To 3D print a model file, it must first be sliced. This process is where a model will get all of it’s settings.3D printing a 3D model isn’t as easy as drag-and-drop. First of all, a 3D model file usually only contains mesh data (and sometimes textures).
Where would you change the speed, quality, size, etc? For a 3D printer to print a model, the model must be converted into a different file that is a list of commands telling where the printer should go, at what speed, etc. The kind of programming that a printer understands is called gCode. When I slice a file, I use a program called Cura. You can most 3D model file types (like obj and stl), and then export to a gCode file.
Of course, you should not consider the gCode file as a 3D model, or Cura as a model converter. When you import a model, you can choose many different settings. Some of them have to be specific to the filament or printer you are using, like the diameter of the plastic and the flow of how fast it goes into the extruder. Others, however, can be decided upon depending on the print itself (things like quality or whether or not to add supports).
This allows you to get the right ratio of speed to quality, and sometimes you can print a high quality print in a short amount of times by choosing the right settings. The first setting in the list is the layer height. During the printing process, models are printed by laying one layer on top of another. The layer height decides how many layers to fit into a space.
The more layers, the higher quality, since the lines that you usually see on prints wouldn’t be there. However, it takes longer since there are more layers to print. If you do less, then there would be visible lines on the print, though it does go faster since there are less layers to print. To little layers, however, and it won’t bond with the layer underneath it.
The next setting is shell thickness. This is how thick (or strong) the layer on the outside will be. The reason this is a setting is because sometimes you would want to print hollow models but don’t want a weak shell, or even semi-hollow models. Usually, though, you wouldn’t change this.
Another setting is the bottom and top thickness. When printing with 50% infill, it creates a grid pattern on the inside without fully filling inside. The bottom and top thickness is how many layers to print before it starts the grid pattern and how many before the surface of the print is done. The fill density settings is next.
The less you fill it, the more hollow it will be. When it becomes hollow, it creates a sort of honeycomb grid pattern inside. Less infill will drastically speed up the print, but make it feel cheaper due to light weight. The more infill, the longer the print will take.
However, it is worth it for that strong plastic feel. This is where you could change the speed to a high amount, and fill the inside completely. The next setting is speed. This setting will change the time it takes to print the most.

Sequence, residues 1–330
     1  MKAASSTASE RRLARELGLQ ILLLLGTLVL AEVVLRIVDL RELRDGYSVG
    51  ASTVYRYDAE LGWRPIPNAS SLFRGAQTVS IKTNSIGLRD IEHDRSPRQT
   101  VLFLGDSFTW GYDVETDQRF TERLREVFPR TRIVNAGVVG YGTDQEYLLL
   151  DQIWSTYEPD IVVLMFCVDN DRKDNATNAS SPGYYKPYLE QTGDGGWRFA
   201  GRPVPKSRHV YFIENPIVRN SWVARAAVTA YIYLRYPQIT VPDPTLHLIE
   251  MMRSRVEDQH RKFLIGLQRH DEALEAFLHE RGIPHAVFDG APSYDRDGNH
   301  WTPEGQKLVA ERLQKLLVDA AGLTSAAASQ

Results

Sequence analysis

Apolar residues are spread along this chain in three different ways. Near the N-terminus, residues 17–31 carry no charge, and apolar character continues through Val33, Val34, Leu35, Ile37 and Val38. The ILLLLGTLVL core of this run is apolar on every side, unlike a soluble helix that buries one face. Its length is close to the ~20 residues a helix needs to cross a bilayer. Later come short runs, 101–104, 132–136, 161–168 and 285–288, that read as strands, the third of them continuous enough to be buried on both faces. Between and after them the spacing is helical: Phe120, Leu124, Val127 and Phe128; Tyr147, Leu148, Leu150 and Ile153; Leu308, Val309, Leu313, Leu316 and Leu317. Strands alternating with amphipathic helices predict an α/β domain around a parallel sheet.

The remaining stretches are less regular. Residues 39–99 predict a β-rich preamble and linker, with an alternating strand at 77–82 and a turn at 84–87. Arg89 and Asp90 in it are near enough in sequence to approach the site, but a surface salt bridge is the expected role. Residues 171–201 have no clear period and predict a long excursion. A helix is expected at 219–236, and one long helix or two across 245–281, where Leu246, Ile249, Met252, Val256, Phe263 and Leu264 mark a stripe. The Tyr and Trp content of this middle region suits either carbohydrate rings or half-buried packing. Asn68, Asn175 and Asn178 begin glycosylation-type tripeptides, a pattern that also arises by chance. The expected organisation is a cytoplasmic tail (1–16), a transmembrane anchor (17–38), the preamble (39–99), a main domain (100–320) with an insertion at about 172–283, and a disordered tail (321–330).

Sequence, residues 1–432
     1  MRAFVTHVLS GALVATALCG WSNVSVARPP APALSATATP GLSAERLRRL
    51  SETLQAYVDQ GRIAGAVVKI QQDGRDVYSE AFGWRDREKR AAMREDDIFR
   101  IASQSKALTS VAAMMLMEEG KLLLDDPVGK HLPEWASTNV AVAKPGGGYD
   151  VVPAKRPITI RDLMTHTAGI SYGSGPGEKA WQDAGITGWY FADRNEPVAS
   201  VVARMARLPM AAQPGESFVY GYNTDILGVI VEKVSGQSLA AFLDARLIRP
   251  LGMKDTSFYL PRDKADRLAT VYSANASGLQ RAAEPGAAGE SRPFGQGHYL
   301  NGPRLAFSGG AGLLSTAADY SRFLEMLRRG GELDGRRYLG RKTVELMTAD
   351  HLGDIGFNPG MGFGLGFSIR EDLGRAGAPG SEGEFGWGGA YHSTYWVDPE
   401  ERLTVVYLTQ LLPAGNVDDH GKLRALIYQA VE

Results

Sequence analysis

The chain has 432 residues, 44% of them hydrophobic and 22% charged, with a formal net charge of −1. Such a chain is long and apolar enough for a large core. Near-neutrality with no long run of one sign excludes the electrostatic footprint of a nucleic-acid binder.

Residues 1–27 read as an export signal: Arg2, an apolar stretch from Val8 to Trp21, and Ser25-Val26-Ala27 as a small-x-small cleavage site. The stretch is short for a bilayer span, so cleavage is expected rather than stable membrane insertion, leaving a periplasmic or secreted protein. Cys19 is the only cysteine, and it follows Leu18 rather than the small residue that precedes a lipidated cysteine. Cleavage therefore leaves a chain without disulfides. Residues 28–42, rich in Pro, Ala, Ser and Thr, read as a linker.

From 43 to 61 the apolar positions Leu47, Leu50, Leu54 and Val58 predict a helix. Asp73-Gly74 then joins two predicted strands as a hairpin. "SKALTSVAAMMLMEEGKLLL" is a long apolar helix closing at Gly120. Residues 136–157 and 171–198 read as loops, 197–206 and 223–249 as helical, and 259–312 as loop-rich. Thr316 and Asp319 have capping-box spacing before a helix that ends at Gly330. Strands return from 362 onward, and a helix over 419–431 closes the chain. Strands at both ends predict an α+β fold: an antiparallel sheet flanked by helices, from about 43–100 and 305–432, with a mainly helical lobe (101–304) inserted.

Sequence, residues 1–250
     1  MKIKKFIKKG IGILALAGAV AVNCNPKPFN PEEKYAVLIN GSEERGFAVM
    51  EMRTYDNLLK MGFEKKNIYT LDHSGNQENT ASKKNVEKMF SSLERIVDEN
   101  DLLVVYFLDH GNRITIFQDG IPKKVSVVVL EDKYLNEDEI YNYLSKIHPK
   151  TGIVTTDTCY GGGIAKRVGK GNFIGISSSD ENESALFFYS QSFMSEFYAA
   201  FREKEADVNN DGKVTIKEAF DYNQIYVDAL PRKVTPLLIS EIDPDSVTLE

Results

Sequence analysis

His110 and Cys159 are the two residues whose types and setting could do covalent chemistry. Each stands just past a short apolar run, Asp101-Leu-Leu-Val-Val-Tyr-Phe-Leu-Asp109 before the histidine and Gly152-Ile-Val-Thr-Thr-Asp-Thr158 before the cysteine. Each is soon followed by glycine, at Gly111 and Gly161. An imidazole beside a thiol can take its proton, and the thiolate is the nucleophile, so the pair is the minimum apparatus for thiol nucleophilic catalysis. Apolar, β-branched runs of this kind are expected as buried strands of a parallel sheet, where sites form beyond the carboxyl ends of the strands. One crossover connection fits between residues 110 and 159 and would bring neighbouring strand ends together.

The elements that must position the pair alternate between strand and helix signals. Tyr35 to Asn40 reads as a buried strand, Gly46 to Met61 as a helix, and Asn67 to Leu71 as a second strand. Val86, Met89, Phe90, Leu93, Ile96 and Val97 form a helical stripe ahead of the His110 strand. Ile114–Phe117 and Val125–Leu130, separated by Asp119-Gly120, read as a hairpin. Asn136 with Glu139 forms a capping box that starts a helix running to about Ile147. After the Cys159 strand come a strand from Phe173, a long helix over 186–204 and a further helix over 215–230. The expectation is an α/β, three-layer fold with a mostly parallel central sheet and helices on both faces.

The value of this setting will most likely be specific to the piece you are doing. The higher speed, the lower quality, and it may be that the print could fail if this setting is too high. A lower speed helps the print hold together, and make it much stronger during and after printing. Sometimes, for large prints without delicate parts, I will make the speed very high.
Usually, however, (especially for overnight prints), I will make the speed lower. Usually when quality matters or time doesn’t. The next two settings are the nozzle and bed temperature. These are specific to the plastic you are using, and once you can find a nice temperature (or use the default) you usually wouldn’t change it again.
A really nice option is an option to add supports. Due to the way printer do their printing (layer on top of layer), overhangs do not print well (if at all. Floating pieces don’t print). However, when you add the supports option, it adds a weak and easy to remove support underneath overhangs and floating pieces.
This wastes a tiny (very tiny) bit of plastic, though the main problem is that it takes longer to print. However, for overhangs, it is necessary. Probably one of the big satisfying things of life is digging into a print with pliers and removing the supports. The collapse when pressed, making them come off in chunks.
Normally, though, you wouldn’t use supports.Another option is the platform adhesion option. You would use this when dealing with warping and/or prints not sticking to the bed. The raft adhesion option prints a raft (hence the name) underneath the model, meaning that it warps instead of the print.
It also means more of the print is touching the bed. Like the supports, it comes off of the print fairly easily. The next option is the brim option. It is similar to the raft, except instead of adding itself under the model it wraps around the model, sort of like a skirt.
It prevents warping better, but not so much with adhesion problems. Both options take a lot longer to print, so it is better to get a heated bed or use a better adhesion solution (like ABS slurry).There are some other more specific options, like the speed at which parts of the model print at, but almost all of the others have values specific to the printer.